Genomic DNA (gDNA) extracted from 21 BSL-2 bacterial strains were sent to Lawrence Livermore National Laboratory for WGS using the Illumina NextSeq. 500 sequencing system (San Diego, CA). The concentration of the gDNA was determined using a Qubit fluorimeter (ThermoFisher Scientific, Waltham, MA). The sequencing library preparation was performed on the gDNA samples using the TruSeq DNA PCR-Free LT kit (Illumina, San Diego, CA) according to the manufacturer’s protocol. Briefly, the concentration of each gDNA was normalized to 40 ng/µl and 55 µl of each sample was fragmented on a Covaris M220 ultrasonicator (Covaris, Woburn, MA) using settings to generate 550 base pair inserts. The Illumina TruSeq protocol was further followed to repair the fragmented DNA ends, adenylate the 3’ ends of the fragments, and finally ligate Illumina sequencing adaptors to the fragmented DNAs.
The libraries were validated using the Library Quantification Kit for Illumina platforms (KAPA, Wilmington, MA) following manufacturer’s protocols. Following the quantification, each library was normalized, pooled, and denatured according to Illumina protocols. Briefly, each library was normalized to 0.5 nM and 5 µl of each normalized sample was pooled together. The 40-µL pooled sample was denatured by combining with 40 µL of 0.2N NaOH. The denatured, pooled sample was further diluted to a concentration of 1.8 pM where it was mixed with denatured PhiX control DNA (Illumina, San Diego, CA) at a concentration of 1%. This sample was loaded on to the NextSeq Sequencer using the NextSeq High Output v2 300 cycle sequencing kit (Illumina, San Diego, CA). The NextSeq was set up to run a paired end, 150 nucleotide (2 × 150) run with single indexing.
Data assembly and gene annotation
Draft assemblies of the bacterial isolates were generated as described in40. Starting with the draft assemblies as input, genes were predicted for each genome using Glimmer v. 3.0241 using the g3-from-scratch.csh script with default settings to generate genome specific gene models. Each gene was searched against a collection of curated genes taken from the comprehensive antibiotic resistance database (CARD)42, ResFinder43 and ARG-ANNOT44. Each gene was searched against the curated gene database using the top hit from a blastn search (NCBI BLAST v2.2.27+) with word_size 8, num_threads 20, outfmt 7, max_target_seqs. 1, and all other options set to default. A table was generated recording individual genes that matched to an annotated resistance gene for each organism with at least 90% identity between the query and reference gene over at least 90% of the length of reference gene. Gene labels and gene function were manually assigned based on annotation assignments given in the included curated gene databases.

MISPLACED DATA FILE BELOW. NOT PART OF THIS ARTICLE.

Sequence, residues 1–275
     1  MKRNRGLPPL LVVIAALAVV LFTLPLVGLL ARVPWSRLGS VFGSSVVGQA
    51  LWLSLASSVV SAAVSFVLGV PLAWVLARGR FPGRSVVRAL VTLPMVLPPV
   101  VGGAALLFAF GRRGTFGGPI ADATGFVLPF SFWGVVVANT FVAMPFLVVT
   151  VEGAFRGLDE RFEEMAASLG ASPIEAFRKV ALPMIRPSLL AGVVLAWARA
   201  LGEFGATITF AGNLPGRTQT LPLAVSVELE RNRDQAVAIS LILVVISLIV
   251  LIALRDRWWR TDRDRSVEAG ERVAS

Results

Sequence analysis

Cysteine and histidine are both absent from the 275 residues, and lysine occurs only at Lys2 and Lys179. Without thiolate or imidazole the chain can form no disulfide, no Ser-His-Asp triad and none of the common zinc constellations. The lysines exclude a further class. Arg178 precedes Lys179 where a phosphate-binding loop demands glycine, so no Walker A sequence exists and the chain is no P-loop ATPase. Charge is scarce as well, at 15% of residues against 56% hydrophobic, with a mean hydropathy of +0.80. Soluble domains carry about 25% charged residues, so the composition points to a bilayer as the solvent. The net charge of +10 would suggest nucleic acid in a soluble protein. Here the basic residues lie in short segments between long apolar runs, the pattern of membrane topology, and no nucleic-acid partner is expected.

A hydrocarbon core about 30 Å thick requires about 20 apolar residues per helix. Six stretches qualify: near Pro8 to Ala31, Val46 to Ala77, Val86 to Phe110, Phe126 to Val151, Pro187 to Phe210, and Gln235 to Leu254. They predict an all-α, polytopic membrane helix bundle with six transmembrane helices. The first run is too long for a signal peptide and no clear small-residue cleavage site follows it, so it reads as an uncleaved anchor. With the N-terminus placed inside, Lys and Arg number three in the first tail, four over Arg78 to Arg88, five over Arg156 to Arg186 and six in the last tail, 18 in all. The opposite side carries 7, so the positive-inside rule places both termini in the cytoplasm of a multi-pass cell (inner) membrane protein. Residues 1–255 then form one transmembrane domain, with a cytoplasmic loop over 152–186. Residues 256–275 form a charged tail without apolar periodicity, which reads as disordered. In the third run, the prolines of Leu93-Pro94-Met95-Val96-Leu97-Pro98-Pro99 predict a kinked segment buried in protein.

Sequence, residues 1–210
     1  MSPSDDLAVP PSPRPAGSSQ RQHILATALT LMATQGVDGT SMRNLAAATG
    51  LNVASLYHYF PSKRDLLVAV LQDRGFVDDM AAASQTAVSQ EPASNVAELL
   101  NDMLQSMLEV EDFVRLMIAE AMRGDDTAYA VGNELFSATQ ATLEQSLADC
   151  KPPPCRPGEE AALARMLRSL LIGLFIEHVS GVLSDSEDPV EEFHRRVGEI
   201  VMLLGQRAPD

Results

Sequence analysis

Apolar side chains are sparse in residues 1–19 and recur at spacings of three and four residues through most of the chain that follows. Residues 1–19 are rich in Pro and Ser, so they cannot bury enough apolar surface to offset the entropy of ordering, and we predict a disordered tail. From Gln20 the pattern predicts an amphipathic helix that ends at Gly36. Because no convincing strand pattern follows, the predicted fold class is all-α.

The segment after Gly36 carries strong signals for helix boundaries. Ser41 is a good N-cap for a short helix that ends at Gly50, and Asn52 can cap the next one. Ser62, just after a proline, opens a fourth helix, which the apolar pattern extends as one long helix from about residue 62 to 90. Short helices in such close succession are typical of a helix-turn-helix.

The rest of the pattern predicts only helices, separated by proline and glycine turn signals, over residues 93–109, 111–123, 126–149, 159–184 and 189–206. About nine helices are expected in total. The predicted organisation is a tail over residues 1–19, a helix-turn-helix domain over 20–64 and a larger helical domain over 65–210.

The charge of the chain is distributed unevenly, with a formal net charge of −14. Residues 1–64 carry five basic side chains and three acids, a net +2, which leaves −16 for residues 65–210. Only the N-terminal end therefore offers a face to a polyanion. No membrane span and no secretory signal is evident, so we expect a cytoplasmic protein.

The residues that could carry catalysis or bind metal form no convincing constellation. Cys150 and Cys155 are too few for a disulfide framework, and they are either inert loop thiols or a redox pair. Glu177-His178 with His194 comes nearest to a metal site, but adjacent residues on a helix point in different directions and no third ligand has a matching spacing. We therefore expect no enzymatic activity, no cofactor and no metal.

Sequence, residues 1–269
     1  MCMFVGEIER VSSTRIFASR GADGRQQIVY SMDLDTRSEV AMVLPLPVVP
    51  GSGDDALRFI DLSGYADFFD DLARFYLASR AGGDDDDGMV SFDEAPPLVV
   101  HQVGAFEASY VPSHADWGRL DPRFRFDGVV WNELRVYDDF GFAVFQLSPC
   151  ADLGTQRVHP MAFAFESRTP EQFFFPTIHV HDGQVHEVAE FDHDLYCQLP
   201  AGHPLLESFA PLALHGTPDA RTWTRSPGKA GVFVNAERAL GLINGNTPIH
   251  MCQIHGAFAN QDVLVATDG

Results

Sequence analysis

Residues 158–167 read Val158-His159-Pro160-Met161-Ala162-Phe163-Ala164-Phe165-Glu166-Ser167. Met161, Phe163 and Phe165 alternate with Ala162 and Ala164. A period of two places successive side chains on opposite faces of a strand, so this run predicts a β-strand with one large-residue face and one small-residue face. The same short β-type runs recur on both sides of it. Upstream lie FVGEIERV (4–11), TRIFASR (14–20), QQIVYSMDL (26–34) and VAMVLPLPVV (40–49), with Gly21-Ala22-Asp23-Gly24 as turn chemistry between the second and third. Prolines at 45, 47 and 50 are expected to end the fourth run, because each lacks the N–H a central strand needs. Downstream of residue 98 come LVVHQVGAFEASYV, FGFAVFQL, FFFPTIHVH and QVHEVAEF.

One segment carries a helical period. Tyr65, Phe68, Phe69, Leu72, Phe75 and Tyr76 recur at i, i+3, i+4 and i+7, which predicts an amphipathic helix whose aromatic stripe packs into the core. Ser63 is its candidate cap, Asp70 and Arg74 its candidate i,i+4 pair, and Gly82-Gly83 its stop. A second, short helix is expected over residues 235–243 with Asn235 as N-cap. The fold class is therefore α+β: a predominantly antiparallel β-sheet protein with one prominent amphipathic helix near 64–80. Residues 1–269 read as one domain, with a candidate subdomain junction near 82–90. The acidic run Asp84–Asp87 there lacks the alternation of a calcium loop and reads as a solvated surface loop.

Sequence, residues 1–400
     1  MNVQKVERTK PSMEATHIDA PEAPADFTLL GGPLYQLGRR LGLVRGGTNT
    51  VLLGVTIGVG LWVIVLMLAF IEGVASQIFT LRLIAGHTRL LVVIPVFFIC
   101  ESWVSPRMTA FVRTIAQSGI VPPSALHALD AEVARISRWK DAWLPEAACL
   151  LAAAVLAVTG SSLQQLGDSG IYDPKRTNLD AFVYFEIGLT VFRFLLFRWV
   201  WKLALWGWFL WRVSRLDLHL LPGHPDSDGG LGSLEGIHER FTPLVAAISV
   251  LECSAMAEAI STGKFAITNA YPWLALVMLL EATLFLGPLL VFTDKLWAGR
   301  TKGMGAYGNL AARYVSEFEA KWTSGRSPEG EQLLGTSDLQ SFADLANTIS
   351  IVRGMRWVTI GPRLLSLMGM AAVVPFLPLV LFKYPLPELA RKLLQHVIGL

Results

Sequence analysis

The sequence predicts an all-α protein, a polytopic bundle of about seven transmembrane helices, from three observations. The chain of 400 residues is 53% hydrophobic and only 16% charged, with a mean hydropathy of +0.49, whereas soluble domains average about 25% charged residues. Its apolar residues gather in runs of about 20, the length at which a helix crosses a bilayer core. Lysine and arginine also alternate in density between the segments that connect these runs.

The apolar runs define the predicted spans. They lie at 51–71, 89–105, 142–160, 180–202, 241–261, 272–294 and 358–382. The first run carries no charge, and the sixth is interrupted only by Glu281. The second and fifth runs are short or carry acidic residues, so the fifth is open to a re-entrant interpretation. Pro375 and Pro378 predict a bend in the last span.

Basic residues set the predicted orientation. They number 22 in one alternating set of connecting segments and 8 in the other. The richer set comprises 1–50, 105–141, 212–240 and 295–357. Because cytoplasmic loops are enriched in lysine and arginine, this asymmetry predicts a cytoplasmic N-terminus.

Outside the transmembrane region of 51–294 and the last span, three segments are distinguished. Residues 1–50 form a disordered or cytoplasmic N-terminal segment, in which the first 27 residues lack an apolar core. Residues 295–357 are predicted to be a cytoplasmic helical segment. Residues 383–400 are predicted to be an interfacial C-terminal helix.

Phenotypic antibiotic resistance testing
The isolates were streaked from glycerol stocks onto R2A plates. A single colony was inoculated into 5-mL Tryptic Soy Broth (TSB) and grown overnight at 30 °C. Aliquots of 100 µL were plated on TSA. Agar diffusion discs (BD BBLTM Sensi-DiscTM, Franklin Lakes, NJ) were placed aseptically on a plate and the strains were incubated at 37 °C for 24 hours. The tested antibiotics included: 30-µg cefazolin (CZ-30); 30-µg cefoxitin (FOX-30), 5-µg ciprofloxacin (CIP-5), 15 µg erythromycin (E-15), 10-µg gentamicin (GM-10), 1-µg oxacillin (OX), 10-µg penicillin (P-10), 5-µg rifampin (RA-5), and 10-µg tobramycin (NN-10). The diameter of inhibition zones was measured for each antibiotic disk and recorded in millimeters. The resistance results were compared with the zone diameter interpretive charts provided by the manufacturer. When the spontaneous mutants were present in response to some antibiotics, they were isolated, subcultured and tested for the specific antibiotic resistance.
Vitek®2 Compact AST-GP67 cards (BioMerieux, Inc., Hazelwood, MO) were selected to test the S. aureus isolates. The AST-GP67 cards are designed for testing gram-positive cocci. The tested antibiotics were ampicillin, benzylpenicillin, beta-lactamase, cefoxitin, ciprofloxacin, clindamycin, erythromycin, gentamicin, levofloxacin, linezolid, moxifloxacin, nitrofurantoin oxacillin, quinupristin/dalfopristin, rifampicin, streptomycin, tetracycline, tigecycline, trimethoprim/sulfamethoxazole and vancomycin. The cards were initially analyzed for expected outcomes by running the manufacturers recommended quality control organisms S. aureus ATCC 29213, ATCC BAA-1026, ATCC BAA-976, and ATCC BAA-977, and the results were as predicted (data not shown). Liquid aliquots of the organisms were shipped overnight from JPL to AlloSource® (Centennial, CO) and refrigerated upon arrival. The aliquot of 0.1 mL subcultures of each microorganism was spread onto Trypticase Soy Agar (TSA) plates (BD BBLTM) and incubated overnight at 30–35°C. Using a sterile cotton swab, a pure colony of each organism was suspended in 3.0 mL sterile 0.9% saline at 0.55 McFarland using a DensiCheck® densitometer (BioMerieux, Inc.). A second dilution was prepared by aliquoting 0.28 mL of the initial inoculant into a fresh 3.0 mL sterile 0.9% saline solution. The swab was inoculated onto a TSA plate to check for inoculant purity. Both concentrations of each organism were loaded into separate AST-GP67 cards and analyzed by the Vitek®2 Compact (BioMerieux, Inc.) applying the CLSI+ Natural Resistance susceptibility standards per the manufacturers recommendations. Reports were verified by AlloSource® technicians. Confirmation of methicillin sensitivity (MRSA) was performed using HardyCHROM MRSA biplates (Hardy Diagnostics, Santa Maria, CA). Each isolate was streaked on both sides of the bi-plate and incubated at 30–35 °C overnight. Isolate sensitivity was interpreted using the manufacturers recommendation